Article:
The role of the World Bank will be to end bankruptcy for Sovereign Nations, where goals and objectives take precedent instead of confining to a strict repayment plan, but to prevent abuse, conditions will be applied to end poverty, in the greatest shift in the roles of IMF and the World Bank. Only UN’s IMF and World Bank are the only institutions that is able to buy insurance to cover my skills and my life, and by going independent, there is no need for member nations to contribute to anything, but to ensure peace and prosperity, all nuclear weapons will need to be outlawed and destroyed forever.
World Bank/IMF will only lend to Sovereign Nations, banks will then lend to individuals and corporations, there will be Microloans and Financing at zero interest costs to those who fit the requirements, to end poverty once and for all and forever, especially to non-profit, everything will be based on goals and objectives, nobody will have to suffer because of money again. Even research and development to solve problems and advance mankind will get zero interest grants.
It will take about 3-6 months to setup the framework and give everyone directions,  a list of objectives and tasks together with priority and budget needs to submitted to the UN where upon approval, the budget will be allocated and dispensed for the different departments and industry.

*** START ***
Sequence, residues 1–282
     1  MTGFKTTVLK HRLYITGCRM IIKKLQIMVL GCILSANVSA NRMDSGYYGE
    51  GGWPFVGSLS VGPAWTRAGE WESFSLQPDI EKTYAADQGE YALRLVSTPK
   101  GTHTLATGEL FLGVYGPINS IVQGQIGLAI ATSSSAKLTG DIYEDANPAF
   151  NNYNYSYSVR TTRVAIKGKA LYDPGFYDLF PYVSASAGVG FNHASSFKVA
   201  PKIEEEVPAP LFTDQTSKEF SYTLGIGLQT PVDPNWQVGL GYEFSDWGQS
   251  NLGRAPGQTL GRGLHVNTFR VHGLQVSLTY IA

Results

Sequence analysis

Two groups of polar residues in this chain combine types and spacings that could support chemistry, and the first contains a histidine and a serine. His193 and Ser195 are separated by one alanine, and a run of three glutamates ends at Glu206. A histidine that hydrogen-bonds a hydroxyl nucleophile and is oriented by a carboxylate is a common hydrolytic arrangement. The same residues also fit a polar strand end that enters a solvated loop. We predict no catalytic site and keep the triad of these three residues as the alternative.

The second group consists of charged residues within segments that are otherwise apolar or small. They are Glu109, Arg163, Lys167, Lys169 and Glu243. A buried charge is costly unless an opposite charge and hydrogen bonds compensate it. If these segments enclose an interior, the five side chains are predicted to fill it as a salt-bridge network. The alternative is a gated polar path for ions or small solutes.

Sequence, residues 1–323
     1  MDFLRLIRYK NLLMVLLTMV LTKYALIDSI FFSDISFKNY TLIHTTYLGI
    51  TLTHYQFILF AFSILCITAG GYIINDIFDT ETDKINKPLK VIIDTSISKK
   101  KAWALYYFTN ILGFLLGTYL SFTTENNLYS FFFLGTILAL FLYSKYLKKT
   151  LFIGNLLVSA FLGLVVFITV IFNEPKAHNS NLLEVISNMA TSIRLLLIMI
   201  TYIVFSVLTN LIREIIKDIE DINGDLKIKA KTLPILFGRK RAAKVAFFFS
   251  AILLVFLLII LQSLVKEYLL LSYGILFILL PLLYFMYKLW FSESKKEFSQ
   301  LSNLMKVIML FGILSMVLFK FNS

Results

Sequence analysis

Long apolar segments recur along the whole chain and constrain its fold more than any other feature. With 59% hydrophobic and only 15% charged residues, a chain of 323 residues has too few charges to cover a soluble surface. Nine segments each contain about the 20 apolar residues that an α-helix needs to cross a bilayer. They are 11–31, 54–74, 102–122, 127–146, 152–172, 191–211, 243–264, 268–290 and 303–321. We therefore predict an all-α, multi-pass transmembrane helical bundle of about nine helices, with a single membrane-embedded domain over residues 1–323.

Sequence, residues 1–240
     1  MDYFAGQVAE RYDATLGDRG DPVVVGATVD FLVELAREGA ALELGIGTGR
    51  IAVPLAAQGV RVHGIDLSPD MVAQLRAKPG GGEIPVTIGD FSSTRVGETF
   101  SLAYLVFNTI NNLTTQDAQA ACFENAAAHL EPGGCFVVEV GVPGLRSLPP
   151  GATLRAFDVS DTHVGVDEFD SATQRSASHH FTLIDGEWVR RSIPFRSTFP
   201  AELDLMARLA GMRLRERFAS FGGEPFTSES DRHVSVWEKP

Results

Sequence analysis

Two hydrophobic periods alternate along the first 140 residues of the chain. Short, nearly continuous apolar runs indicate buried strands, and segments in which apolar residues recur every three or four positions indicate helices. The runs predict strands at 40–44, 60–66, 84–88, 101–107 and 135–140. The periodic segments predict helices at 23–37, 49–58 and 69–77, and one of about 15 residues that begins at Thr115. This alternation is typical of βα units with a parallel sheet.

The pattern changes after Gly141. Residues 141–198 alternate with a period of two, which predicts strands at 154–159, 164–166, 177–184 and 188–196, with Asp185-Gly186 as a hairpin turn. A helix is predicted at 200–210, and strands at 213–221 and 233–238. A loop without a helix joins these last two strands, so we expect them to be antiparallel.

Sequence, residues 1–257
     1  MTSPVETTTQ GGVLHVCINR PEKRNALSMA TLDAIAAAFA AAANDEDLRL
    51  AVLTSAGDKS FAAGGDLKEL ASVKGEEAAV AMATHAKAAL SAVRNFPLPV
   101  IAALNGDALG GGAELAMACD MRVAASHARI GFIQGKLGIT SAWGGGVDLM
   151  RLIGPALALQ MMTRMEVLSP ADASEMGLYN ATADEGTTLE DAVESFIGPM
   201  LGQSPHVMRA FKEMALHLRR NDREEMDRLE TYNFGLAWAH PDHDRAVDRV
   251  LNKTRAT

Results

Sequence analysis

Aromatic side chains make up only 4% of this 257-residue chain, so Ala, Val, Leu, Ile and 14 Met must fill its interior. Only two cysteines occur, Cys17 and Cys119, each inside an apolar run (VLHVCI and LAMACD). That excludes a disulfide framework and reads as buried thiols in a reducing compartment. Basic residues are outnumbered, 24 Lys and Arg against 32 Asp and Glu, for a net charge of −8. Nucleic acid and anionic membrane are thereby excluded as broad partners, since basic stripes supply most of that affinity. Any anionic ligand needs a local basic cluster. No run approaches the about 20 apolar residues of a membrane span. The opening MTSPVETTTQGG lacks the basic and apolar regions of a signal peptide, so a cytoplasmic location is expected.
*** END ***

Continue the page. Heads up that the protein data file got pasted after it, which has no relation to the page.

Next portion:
I can easily setup a scheme where governments will get a $1 for $1 funding program depending on priority based objectives and goals to prevent abuse. Most important goals will be job creation, healthcare and insurance, with advances to solve sickness and diseases, it would indirectly solve hunger and poverty for many nations, whereby a lifelong education distance learning will also get top priority.
Defence budget will be given the lowest priority because there will not be a need anymore for governments to spent excessive money, the gap can be covered by the UN. By then, the world economy crisis should be resolved by mid-2013. Let everyone celebrate Christmas this december, the end of the millenium.
US is the only playground that has not given it’s answer if it wants it’s debt to be forgiven, heehee, if not if it carry on printing money without a backup of assets, very soon it’s currency will start dropping. Play some more games I make everyone in the US eat McDonalds everyday for the next six months. I am sure big brother will be silent during this meeting.
– Contributed by Oogle.

Mindshare Survey : Time to solve problems?